BILLINGS, Mont. (AP) — Montana’s Supreme Court intervened in a rape case Friday to block a judge from resentencing a former teacher who got a mere 30 days in prison for his months-long relationship with a 14-year-old student.
Justices said Judge G. Todd Baugh lacks authority to reconsider the sentence he gave former Billings teacher Stacey Rambold, 54. An appeal of the case already was pending, but Baugh had been seeking to undo a sentence that was widely criticized when he remarked that victim Cherice Moralez was “older than her chronological age.”
The girl committed suicide in 2010 while Rambold’s trial was pending.
The Attorney General’s Office filed an emergency petition to stop Friday’s hearing, scheduled for 1:30 p.m. MDT. Attorneys for the state warned that holding it as planned could throw the case into disarray and “cause gross injustice to an orderly appeal.”
The high court on Friday afternoon vacated the resentencing hearing and ordered Baugh to enter a written sentencing for Rambold. Baugh never signed a written sentencing order after making his oral pronouncement in the case during an Aug. 26 hearing. The oral order takes precedent in Montana, but the written judgment still is required.
Prosecutors contend that state law dictates Rambold serve at least two years in prison. Rambold’s defense attorney want the sentence unchanged, but agreed with prosecutors that it can be undone only on appeal.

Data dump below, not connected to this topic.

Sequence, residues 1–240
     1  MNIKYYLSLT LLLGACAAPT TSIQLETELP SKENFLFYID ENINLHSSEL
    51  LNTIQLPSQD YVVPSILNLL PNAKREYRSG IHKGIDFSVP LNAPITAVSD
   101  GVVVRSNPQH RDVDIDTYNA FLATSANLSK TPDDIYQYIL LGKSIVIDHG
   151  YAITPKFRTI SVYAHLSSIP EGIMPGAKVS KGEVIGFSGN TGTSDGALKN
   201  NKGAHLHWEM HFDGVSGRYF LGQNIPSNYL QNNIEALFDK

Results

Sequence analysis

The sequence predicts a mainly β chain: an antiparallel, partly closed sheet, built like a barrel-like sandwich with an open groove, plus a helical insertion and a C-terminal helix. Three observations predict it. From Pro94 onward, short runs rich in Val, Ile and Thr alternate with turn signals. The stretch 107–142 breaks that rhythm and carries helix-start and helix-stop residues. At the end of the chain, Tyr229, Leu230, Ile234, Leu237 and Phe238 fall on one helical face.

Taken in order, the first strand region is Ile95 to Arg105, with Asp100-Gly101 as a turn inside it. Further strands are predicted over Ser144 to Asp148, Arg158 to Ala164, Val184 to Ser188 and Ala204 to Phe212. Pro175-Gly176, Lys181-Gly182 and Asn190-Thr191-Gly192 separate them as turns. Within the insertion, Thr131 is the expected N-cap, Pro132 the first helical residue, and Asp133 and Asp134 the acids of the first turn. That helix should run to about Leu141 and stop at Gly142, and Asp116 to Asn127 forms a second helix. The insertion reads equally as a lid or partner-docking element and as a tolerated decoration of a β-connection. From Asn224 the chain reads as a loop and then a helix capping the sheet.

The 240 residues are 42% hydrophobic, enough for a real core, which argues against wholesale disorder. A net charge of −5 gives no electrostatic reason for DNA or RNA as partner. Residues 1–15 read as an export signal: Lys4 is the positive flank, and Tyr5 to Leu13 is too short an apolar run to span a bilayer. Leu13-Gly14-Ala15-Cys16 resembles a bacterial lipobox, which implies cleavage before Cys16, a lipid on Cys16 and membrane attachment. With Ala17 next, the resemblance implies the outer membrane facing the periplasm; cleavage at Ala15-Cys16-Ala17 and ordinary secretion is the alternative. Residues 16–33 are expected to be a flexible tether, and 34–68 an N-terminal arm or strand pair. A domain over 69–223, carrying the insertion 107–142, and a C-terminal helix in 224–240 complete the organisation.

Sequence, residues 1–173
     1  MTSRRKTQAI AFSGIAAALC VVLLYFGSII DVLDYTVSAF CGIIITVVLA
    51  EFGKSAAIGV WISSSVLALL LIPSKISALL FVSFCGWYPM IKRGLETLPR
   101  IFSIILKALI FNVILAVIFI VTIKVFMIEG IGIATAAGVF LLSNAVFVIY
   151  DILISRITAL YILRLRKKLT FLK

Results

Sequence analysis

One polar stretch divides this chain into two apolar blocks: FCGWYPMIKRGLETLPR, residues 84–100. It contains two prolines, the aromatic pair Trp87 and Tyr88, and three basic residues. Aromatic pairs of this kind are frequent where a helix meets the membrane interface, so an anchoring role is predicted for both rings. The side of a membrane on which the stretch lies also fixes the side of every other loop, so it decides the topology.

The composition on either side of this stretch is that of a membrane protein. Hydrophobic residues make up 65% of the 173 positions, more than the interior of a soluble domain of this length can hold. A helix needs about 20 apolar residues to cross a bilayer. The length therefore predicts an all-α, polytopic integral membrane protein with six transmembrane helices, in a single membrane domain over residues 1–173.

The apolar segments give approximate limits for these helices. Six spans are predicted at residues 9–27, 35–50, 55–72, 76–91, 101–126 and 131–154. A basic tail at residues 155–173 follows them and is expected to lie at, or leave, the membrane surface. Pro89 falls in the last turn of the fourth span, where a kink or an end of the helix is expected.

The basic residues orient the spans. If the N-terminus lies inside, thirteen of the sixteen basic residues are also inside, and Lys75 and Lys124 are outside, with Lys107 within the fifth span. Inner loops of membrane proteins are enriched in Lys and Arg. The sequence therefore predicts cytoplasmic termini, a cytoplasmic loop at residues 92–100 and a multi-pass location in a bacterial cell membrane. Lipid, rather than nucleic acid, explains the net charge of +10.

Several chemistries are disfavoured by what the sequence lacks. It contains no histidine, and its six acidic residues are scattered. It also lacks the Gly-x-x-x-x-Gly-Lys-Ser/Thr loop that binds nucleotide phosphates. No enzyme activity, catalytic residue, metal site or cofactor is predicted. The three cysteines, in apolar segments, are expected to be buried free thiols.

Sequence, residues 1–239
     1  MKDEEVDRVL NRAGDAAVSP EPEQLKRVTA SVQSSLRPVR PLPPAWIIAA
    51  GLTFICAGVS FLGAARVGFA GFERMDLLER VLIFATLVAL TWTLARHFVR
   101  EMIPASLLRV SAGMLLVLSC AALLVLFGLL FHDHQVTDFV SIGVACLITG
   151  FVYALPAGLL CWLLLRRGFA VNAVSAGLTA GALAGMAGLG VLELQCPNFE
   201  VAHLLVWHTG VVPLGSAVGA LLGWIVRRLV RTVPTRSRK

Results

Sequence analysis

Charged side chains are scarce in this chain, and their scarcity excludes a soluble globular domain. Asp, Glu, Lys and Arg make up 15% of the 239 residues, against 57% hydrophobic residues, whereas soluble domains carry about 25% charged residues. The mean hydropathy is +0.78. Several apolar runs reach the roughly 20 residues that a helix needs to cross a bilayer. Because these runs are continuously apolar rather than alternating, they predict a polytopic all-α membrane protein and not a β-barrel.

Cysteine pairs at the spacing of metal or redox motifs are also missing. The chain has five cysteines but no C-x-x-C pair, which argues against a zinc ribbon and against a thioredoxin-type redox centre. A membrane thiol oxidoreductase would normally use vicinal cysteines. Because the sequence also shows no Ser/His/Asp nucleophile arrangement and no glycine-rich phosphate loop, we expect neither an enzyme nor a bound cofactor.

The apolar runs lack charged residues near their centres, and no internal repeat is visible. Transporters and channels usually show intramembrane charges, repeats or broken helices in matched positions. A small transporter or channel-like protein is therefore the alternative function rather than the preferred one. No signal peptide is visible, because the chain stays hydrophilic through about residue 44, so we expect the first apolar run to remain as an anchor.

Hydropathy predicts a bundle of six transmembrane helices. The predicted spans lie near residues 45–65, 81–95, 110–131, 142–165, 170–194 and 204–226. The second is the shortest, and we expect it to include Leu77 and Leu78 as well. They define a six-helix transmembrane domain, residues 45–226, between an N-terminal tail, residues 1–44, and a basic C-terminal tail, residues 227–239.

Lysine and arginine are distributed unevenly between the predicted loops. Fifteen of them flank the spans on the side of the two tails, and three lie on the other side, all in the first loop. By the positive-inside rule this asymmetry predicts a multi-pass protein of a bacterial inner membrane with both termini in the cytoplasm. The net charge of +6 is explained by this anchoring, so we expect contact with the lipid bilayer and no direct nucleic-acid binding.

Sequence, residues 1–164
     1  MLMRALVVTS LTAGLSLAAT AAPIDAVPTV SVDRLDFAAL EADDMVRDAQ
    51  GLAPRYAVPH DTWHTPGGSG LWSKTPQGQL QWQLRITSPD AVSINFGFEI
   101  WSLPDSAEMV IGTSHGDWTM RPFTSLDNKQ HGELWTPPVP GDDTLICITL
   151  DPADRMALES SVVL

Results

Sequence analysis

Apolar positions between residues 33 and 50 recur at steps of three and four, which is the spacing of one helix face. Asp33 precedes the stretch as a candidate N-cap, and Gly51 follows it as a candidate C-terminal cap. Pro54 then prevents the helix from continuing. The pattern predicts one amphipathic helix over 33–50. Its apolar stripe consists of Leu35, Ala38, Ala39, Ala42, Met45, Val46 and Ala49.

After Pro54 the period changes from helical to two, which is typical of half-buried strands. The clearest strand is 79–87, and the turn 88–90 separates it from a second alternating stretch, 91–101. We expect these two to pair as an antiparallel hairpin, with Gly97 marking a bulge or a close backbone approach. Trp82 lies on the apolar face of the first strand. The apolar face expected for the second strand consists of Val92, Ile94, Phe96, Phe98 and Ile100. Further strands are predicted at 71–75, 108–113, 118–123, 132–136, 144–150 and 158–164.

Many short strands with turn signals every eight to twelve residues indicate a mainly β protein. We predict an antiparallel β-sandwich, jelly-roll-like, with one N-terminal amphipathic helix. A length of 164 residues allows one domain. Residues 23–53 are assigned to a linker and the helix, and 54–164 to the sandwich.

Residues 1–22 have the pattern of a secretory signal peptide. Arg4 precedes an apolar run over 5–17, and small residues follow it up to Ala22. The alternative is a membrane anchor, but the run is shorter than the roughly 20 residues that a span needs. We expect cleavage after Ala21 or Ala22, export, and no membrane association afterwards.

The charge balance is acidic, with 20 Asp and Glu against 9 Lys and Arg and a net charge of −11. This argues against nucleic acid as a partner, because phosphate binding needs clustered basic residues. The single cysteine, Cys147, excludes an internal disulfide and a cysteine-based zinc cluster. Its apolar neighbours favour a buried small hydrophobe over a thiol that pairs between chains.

The Yellowstone County Attorney’s office originally called for a 20-year prison sentence for Rambold, with 10 years suspended.
But prosecutors didn’t challenge the 30-day sentence as illegal until after-the-fact, when they discovered the mandatory minimum term for sexual intercourse without consent was two years.
The sentence handed down Aug. 26 had been suggested by Rambold’s attorney, Jay Lansing.
Lansing said in a court brief filed this week that a new sentence from Baugh would have created ” confusion and uncertainty for all parties.”
He also said the original sentence — 15 years with all but 31 days suspended and a one-day credit for time served — was allowed under state law.
Baugh has said giving Rambold the minimum mandatory sentence was appropriate due to the circumstances of the case. He described the former teacher with no prior record as a low risk to re-offend after spending more than two years in a sex-offender treatment program.
The defendant entered that program in 2010, after Moralez’s suicide left prosecutors without their main witness in the case shortly before it was scheduled to go to trial.
That led to a deferred prosecution deal that allowed Rambold to avoid trial until he violated the terms of the agreement last year, for not reporting that he was in a sexual relationship with a woman and for unauthorized visits with family members’ children.
Court documents show there were complaints about Rambold’s conduct with female students as early as 2004. Three years before his relationship with Moralez, prosecutors say, “he was warned to stay away from young girls in his class.”
No charges were filed, and Lansing has said his client would challenge those accusations.